Sunday, February 10, 2013

batik backing

hoffman's "a year in the meadow"
while denise and i were shop-hopping, i found this pretty hoffman print that will be used to back the batik and plum flimsy.  i agree, it is too pretty to use as a backing but it was the end of bolt, nearly 3 yards at a whopping $3, and even with my fuzzy math, that's one dollar per yard so the price is definitely right.  i am hoping there will be some scraps leftover as it is such a pretty print.  back when i was first starting quilting, hoffman prints were the rolls royce of quilting fabrics and for me they still are.  **** all is calm and bright here after the storm with a sliver of orange on the horizon heralding the coming sunrise.  still very cold but clear is good.  **** today's task is to tidy the sewing space and get in some sewing time before the week starts again.  and i've got to hang my february wallhanging, finally!

4 comments:

  1. Good morning Grace,
    I agree that is a very pretty print, and such a deal, the one that I got was almost 1 1/2 yards and I only paid $1. Worked on a wool candle mat yesterday and plan on a few "catch up" projects later today. Two posts to my blog since Thursday, I think short, frequent post will be much better than long infrequent, thanks for "nudging" me to get to back to it!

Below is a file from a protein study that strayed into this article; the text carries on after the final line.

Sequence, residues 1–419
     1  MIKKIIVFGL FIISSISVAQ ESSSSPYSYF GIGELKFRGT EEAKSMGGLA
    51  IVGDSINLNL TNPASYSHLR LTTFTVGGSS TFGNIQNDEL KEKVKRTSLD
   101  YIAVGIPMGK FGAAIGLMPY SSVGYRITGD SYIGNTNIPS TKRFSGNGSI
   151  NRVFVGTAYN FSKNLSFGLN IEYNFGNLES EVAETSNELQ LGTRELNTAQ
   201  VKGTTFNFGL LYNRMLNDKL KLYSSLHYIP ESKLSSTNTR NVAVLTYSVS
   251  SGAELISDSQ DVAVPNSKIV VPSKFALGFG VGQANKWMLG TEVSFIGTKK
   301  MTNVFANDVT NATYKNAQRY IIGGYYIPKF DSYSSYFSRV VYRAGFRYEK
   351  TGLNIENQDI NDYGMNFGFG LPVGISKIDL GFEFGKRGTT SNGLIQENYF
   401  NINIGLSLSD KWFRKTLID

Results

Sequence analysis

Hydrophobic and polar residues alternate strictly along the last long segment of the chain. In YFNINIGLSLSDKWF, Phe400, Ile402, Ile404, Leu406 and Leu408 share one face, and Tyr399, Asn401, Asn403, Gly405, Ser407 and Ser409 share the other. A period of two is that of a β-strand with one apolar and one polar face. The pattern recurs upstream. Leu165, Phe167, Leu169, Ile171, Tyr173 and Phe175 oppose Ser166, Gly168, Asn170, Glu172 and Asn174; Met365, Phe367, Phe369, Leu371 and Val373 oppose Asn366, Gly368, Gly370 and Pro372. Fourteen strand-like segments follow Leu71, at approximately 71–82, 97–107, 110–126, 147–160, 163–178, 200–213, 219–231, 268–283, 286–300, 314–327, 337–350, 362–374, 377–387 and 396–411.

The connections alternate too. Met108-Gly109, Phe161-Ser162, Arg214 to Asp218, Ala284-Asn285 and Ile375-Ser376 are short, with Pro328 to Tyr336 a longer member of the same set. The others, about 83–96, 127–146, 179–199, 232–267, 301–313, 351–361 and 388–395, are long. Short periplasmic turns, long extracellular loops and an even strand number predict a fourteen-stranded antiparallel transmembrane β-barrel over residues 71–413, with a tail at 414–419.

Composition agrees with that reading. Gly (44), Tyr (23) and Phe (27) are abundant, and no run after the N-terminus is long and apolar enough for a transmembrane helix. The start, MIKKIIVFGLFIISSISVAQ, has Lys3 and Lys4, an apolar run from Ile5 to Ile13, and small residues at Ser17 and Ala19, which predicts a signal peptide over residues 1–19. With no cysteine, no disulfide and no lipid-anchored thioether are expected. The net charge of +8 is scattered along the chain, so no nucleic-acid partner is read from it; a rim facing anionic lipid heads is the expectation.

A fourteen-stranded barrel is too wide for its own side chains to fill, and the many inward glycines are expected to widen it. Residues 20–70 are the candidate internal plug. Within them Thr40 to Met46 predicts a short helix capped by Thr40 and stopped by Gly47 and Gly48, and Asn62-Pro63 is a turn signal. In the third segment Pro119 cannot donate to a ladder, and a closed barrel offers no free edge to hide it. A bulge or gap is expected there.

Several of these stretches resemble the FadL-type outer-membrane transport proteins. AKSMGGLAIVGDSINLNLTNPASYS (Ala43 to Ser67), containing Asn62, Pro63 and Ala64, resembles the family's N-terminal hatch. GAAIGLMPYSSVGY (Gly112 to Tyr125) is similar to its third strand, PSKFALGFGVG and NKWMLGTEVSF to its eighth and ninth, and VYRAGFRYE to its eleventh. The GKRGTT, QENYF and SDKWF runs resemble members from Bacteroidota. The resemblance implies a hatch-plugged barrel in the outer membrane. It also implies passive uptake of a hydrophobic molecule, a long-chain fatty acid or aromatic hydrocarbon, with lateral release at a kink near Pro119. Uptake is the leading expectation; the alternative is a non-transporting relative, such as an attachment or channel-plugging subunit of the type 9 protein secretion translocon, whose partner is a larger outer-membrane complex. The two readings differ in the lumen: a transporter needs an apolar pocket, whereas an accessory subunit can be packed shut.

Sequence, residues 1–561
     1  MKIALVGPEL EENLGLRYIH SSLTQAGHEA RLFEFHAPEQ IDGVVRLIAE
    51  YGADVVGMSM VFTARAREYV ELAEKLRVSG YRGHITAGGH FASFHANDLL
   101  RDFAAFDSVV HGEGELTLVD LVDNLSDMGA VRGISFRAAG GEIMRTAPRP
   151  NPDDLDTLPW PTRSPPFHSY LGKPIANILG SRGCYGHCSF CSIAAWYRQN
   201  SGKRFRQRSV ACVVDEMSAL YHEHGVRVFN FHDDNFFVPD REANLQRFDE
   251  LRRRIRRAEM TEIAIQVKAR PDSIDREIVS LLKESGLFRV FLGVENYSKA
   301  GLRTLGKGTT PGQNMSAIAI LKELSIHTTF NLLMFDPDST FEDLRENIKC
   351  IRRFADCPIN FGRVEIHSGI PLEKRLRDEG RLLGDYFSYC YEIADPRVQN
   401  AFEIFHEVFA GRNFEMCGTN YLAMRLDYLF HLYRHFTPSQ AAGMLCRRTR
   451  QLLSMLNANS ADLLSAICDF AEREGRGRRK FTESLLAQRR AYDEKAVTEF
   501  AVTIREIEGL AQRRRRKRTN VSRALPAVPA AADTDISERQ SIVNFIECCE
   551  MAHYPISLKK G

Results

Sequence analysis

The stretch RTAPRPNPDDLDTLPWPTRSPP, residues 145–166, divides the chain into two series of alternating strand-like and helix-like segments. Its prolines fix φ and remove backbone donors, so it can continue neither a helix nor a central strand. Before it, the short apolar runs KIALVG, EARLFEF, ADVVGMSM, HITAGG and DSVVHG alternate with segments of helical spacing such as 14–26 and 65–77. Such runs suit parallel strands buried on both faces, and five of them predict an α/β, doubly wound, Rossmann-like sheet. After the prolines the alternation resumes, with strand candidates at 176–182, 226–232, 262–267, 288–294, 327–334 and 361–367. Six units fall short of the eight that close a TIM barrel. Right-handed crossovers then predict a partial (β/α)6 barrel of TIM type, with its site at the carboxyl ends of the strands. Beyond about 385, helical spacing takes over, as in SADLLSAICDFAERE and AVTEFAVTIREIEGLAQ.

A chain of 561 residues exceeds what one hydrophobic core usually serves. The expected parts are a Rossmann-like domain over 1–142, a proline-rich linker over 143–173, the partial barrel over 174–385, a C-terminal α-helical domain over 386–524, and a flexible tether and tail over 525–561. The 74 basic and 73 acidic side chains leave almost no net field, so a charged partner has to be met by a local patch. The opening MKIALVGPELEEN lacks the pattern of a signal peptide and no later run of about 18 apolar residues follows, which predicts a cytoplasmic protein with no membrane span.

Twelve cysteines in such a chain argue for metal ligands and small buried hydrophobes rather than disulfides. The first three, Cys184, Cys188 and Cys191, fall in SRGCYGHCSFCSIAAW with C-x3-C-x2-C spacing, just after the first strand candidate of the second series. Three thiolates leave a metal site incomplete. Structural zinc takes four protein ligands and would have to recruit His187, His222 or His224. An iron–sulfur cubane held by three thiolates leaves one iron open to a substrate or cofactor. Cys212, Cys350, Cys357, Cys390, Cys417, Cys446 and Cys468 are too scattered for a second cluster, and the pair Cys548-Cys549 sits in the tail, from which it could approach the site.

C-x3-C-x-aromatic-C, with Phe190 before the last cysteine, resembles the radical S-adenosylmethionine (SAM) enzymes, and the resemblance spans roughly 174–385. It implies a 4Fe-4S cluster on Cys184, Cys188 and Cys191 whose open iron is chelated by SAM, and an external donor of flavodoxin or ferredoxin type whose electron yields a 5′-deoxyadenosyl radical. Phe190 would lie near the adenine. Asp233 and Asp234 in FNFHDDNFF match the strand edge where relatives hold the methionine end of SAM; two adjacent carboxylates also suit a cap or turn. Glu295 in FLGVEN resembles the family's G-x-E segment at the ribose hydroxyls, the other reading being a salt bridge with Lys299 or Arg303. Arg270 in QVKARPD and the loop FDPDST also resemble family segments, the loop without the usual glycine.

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  2. What a great find. And there are always scraps. My sewing room is overflowing with scraps everywhere. Crumb piecing seems to be so messy but so rewarding.

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  3. That is a beautiful print, at the right price. I think it makes a great backing because you don't have to cut it into tiny pieces and you can always get the full effect of its beauty by just flipping the quilt over. : )

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  4. Ah - that's a great description Grace: I also used to think that Hoffman fabrics were simply the best, and I used to say that there was no such thing as an ugly Hoffman. They've kinda dropped away a bit, in my view. They haven't remained at the forefront of design and, indeed, I'm not even all that aware of their fabrics when I go shopping (which isn't all that often). I imagine that there are a lot of young, 'modern' quiltmakers who haven't even heard of them.

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